Spectacle over sport: The 2021 Formula 1 WDC conclusion was a glorious battle and a hot mess
The 2021 Formula 1 season provided some of the most exciting, entertaining racing the sport has ever offered and its fans have ever seen. It also created some of the most controversial entertainment and, based on your team or driver of choice, frustrating competition ever televised. Any way you cut it, this year’s battle for the World Drivers’ Championship title was absolutely spectacular. And with the lights having gone out on the final race of the year and then dim on the season as we enter the winter break, we have time to reflect and consider everything that happened between Lewis Hamilton, Max Verstappen, Michael Masi, the FIA, and so on. For better and worse.
We entered the year knowing it would be a fight to the finish. Last year saw the battle between Lewis Hamilton and Max Verstappen coming to a head, and we hit the ground running this season. Lewis took an early lead but Max got ahead and held the top spot for the better portion of the season. Much to the viewers’ enjoyment, there were fireworks nearly every weekend. Highlights included the massive crash and debate ridden fallout from Max’s scary high speed crash in Silverstone, the equally scary moment of Lewis having Max’s car land on his head at Monza, Lewis’ remarkable win from 10th in Brazil, the madness in Saudi Arabia with Max and Lewis colliding in the wake of Verstappen’s mid-track brake check, and so on. Start to finish, the season never had a dull moment, never a runaway favorite for the title. The two favorites flip-flopped multiple times and were somehow tied for the points lead going into the final race. A script the creators of Drive to Survive fantasized over. It felt like every week was imminent carnage and there was the possibility for chaos at every corner, both on and off track. The drama was destined to come down to the wire. And, oh, did it.
The buildup for the Abu Dhabi Grand Prix was amazing. Motorsports media capitalized on it, as it should have, and we all went into the weekend with bated breath. Fans on all sides were eager to see how things would play out. Practice and qualifying drew countless eyes with Max Verstappen ultimately qualifying on the pole. Tensions were high when the drivers lined up on Sunday afternoon.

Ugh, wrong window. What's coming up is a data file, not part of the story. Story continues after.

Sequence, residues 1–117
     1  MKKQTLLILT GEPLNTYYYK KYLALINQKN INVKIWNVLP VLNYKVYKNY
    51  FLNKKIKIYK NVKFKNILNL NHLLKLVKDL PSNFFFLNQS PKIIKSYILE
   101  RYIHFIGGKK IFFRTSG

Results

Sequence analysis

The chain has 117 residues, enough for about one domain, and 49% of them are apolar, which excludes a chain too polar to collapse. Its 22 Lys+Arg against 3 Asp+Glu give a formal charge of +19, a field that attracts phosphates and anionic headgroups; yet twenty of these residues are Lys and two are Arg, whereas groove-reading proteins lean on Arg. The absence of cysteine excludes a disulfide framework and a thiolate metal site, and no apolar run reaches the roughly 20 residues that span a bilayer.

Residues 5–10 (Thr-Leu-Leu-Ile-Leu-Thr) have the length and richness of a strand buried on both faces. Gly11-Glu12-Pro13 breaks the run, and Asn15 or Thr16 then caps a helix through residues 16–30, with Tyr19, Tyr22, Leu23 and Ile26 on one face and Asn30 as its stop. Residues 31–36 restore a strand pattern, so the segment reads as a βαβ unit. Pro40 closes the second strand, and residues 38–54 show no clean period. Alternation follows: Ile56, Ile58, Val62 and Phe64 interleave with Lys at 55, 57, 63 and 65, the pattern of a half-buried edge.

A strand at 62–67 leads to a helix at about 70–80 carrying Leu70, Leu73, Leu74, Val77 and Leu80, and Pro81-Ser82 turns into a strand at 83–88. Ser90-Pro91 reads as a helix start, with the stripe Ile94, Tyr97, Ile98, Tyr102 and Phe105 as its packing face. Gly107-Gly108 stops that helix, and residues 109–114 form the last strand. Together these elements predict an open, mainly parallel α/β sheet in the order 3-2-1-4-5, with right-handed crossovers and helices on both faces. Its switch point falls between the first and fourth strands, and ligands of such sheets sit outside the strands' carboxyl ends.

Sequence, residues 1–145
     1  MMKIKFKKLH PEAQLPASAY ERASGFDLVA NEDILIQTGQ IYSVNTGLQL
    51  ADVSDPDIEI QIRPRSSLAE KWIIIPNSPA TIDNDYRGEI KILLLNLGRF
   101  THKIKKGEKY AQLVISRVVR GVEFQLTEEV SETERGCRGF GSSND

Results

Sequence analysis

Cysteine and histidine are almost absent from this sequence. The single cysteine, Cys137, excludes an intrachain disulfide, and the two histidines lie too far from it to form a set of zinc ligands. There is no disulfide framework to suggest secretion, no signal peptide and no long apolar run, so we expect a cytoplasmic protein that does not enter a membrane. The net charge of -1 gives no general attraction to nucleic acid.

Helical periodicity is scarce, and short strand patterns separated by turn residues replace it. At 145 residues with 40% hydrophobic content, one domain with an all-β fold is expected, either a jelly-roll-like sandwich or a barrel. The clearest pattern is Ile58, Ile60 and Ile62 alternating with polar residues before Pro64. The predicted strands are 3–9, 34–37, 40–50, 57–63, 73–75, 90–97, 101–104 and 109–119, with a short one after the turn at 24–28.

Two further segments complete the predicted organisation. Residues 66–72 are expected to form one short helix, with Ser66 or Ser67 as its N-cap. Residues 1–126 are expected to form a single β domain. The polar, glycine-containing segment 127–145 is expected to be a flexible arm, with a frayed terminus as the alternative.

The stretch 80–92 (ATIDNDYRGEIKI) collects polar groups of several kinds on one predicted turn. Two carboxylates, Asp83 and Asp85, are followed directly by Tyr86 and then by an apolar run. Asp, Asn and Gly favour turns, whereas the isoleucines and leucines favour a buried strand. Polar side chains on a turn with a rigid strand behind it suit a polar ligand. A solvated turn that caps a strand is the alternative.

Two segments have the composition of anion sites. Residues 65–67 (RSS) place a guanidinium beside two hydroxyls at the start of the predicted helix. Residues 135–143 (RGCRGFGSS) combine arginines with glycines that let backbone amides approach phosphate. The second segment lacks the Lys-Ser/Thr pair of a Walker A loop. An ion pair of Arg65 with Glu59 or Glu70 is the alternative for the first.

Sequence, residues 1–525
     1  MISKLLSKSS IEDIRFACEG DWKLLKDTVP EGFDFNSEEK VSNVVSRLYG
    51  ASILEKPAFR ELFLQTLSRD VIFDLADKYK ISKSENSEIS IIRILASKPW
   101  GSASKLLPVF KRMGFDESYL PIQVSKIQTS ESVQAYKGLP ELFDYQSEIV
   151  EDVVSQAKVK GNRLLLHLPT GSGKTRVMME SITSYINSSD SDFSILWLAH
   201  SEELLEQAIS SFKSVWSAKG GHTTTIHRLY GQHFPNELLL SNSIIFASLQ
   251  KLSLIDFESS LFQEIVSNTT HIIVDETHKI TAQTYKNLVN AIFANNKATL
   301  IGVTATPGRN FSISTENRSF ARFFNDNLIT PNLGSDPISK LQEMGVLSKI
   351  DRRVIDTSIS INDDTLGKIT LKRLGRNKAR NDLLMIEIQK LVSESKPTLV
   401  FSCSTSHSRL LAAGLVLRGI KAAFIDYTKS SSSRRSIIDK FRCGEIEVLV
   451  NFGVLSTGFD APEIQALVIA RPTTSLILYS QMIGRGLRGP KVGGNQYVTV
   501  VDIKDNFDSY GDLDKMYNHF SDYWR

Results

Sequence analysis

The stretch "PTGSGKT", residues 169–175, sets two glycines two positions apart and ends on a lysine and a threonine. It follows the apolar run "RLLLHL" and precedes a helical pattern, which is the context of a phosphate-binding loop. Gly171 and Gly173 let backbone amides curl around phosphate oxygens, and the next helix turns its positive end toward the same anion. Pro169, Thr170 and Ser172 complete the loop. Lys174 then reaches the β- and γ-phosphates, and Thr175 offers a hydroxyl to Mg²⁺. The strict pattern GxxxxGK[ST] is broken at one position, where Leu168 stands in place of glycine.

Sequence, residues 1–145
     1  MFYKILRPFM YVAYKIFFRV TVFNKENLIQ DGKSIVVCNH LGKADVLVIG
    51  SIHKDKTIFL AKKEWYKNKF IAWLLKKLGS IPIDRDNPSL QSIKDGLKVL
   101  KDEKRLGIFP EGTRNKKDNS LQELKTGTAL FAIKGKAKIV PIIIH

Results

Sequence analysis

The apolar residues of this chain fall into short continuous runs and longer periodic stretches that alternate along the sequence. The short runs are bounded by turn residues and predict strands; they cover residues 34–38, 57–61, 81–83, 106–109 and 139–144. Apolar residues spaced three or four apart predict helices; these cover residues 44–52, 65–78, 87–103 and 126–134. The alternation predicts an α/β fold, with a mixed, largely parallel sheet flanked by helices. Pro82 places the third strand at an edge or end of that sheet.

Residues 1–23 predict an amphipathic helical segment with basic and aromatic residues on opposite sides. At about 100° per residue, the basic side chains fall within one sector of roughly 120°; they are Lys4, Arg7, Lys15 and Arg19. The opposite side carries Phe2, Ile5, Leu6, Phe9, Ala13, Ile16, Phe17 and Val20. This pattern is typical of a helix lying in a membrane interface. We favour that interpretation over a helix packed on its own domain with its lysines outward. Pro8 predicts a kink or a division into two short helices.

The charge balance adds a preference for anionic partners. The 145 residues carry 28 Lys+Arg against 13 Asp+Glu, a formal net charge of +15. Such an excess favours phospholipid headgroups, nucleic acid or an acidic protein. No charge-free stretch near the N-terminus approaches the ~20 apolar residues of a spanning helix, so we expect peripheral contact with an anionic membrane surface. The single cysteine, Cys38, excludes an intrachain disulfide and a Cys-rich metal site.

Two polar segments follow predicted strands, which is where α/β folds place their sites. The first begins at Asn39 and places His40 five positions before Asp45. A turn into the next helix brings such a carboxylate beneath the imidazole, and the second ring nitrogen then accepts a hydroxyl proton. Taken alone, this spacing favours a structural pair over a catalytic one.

The same can be said for emotions going into the race, and certainly into the first few corners after Crofty announced his famous “Lights out!” it looked like Lewis was going to hold onto the lead and take the title even through a potentially flubbed decision to not pit under yellow flags brought out by George Russell retiring his Williams on lap 27. Racing under green, Max was unable to close the eighteen second gap to any less than eleven seconds. It would have taken a heroic act or a misstep by Lewis to bring the cars closer for the end of the race, even if the projections did initially show Max’s striking distance for an overtake as being on lap 57 of 58. It just didn’t seem like Max had the pace.
And then on lap 53 Nicholas Latifi crashed, and everything changed. Latifi unharmed after the impact, the safety marshals initially stayed perched behind the barriers, not keen to get anywhere near the path of traffic passing the corner of question at 120+ MPH. No call was made initially to bring out either a virtual or actual safety car, but based on the Williams’ positioning in the direct line of fire it was inevitable. When the recovery did begin, it was frantic. Latifi’s car was lifted by crane and pulled off the track so quickly it surprised everyone. Including the stewards.
With one lap left in the grand prix, the running order on track was Lewis, the pack of lapped drivers, and then Max. It seemed as if the race would end under yellow flags but the FIA was adamant about not having that happen. With the announcement that the safety car was coming to an end as Lewis was pointing his Mercedes around turn 9, the stewards announced they would not let lapped cars by. A decision meaning Max would need to complete multiple overtakes in order to be able to attack Lewis for P1.